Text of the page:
Which actually gives you more than one solution. The reason being is that the way computers store doubles / floats is somewhat approximate.

    Anyways, thanks for reading!

    *EDIT*

    Also, one very important misunderstanding you have that I want to clear up: this has nothing to do with how python stores data. The only description of a bitvector is that it is x bits in length. There is otherwise no association between them and any type system (including C, C++, python, x86, x64 or ARM.) < Once we get to symbolic execution engines you will see how Angr interprets the x86 instructions to derive some typing. But strictly speaking, in a Z3 solver we just look at the as a collection of bits.
    Last edited by PhoneKeyboard; 1 Week Ago at 12:48 PM.

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  6. #4
    Sheep Brain's Avatar
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    Quote Originally Posted by PhoneKeyboard View Post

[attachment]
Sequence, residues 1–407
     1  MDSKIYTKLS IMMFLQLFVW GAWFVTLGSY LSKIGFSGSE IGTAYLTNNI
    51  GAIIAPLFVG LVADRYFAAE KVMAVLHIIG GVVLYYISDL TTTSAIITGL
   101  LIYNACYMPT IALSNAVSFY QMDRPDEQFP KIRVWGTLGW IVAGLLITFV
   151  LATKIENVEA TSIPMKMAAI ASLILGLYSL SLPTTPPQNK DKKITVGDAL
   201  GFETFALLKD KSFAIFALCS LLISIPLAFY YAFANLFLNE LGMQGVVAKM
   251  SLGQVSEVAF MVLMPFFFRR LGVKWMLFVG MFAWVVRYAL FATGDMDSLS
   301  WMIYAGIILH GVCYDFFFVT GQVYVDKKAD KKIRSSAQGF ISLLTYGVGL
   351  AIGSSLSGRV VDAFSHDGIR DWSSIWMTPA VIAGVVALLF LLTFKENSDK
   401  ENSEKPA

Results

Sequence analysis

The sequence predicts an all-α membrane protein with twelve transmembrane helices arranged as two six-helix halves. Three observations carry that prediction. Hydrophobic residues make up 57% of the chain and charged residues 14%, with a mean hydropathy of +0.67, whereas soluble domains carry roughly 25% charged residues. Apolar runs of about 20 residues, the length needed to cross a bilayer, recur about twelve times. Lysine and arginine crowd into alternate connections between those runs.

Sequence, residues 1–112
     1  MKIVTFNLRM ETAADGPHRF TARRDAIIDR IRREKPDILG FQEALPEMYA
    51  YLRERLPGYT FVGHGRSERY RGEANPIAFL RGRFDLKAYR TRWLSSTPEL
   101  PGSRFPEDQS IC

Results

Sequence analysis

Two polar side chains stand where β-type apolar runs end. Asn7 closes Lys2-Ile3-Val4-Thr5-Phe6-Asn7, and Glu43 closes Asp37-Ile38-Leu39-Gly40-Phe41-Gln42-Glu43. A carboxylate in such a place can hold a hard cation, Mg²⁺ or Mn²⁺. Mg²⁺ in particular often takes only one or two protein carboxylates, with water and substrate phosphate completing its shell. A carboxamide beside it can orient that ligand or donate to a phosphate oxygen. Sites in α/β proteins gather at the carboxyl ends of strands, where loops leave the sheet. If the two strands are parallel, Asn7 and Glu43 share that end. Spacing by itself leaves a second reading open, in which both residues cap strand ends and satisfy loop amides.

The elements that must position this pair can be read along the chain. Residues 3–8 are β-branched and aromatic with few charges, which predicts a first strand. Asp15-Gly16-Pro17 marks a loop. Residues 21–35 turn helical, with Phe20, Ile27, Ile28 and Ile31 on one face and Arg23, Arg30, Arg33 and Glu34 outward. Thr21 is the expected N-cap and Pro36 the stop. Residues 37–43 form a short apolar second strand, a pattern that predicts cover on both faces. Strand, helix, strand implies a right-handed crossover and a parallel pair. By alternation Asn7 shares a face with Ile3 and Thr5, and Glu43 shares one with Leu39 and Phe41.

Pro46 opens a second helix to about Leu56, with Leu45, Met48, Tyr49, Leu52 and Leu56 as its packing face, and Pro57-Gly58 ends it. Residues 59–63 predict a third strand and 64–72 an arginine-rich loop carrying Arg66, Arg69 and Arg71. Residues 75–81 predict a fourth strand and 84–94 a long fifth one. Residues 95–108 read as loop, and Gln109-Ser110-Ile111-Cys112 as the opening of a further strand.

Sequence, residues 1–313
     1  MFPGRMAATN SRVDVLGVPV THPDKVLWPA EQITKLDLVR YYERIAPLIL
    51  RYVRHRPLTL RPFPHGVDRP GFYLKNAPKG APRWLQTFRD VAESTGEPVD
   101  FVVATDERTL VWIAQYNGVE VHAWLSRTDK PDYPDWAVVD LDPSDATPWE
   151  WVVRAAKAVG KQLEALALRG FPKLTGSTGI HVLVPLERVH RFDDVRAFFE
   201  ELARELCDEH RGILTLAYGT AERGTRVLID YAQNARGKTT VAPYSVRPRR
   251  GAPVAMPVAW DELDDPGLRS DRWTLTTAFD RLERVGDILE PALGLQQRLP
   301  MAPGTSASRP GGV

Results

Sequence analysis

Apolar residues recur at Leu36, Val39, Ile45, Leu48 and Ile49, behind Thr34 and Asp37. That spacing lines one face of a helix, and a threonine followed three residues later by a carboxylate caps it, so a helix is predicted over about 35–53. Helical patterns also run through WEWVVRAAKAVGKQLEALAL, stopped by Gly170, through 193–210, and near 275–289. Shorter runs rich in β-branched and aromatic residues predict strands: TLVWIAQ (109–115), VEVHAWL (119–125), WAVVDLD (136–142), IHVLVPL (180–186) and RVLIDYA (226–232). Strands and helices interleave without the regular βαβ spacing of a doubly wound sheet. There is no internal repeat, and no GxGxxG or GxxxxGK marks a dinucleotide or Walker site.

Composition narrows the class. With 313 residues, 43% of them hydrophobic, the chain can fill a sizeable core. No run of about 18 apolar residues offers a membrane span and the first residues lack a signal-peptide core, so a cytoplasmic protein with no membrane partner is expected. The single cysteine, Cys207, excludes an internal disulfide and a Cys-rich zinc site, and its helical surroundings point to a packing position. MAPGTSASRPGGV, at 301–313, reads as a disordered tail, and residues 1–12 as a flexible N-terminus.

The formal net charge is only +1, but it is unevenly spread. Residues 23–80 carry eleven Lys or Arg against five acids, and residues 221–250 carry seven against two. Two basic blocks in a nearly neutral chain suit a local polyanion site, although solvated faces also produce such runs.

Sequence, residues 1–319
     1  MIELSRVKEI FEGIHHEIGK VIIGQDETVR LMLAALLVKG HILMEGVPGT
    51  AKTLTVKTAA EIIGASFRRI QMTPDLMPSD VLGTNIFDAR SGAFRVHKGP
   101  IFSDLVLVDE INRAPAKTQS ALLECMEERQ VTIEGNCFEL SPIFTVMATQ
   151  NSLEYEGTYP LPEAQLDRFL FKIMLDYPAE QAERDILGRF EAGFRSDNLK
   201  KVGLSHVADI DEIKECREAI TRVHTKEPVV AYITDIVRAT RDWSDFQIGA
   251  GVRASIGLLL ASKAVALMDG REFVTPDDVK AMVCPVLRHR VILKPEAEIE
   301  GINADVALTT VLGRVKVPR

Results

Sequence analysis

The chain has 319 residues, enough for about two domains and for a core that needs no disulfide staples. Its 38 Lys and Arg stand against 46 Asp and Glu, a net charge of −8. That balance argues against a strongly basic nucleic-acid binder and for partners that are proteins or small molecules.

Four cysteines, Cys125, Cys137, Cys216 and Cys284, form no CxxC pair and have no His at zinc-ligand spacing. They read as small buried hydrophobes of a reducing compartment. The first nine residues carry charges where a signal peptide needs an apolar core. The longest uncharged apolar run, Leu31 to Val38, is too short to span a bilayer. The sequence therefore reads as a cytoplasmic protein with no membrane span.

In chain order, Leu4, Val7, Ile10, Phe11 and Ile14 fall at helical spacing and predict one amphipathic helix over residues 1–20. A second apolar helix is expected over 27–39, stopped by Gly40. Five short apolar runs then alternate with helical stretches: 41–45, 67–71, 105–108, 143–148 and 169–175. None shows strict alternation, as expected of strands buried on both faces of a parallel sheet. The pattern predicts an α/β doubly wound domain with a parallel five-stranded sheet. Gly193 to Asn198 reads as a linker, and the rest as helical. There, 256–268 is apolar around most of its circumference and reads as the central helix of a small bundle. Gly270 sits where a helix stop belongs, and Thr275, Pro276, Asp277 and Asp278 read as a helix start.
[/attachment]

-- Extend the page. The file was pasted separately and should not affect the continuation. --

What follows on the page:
Thanks for taking the time to reading my tutorial.

    Your explanation is exactly correct, but the solution actually requires you to look up some items in the claripy documentation.

    It has less to do with the data size and more to do with how claripy interprets the bitvectors. Everything is a bitvector, an int, signed or unsigned, a float or a double. They are all composed of a vector of bits. However, there are further subclasses, specifically for floating point numbers. It comes down to how claripy will interpret the vector of bits & thus how it performs algorithmic operations.

    Code:
    import claripy
    X = claripy.FPS("X", claripy.FSORT_DOUBLE)
    Y = claripy.FPS("Y", claripy.FSORT_DOUBLE)
    
    S = claripy.Solver()
    S.add(X + Y == 7)
    S.add(X - Y == 4)
    
    S.batch_eval([X, Y], 100)
    Which actually gives you more than one solution. The reason being is that the way computers store doubles / floats is somewhat approximate.

    Anyways, thanks for reading!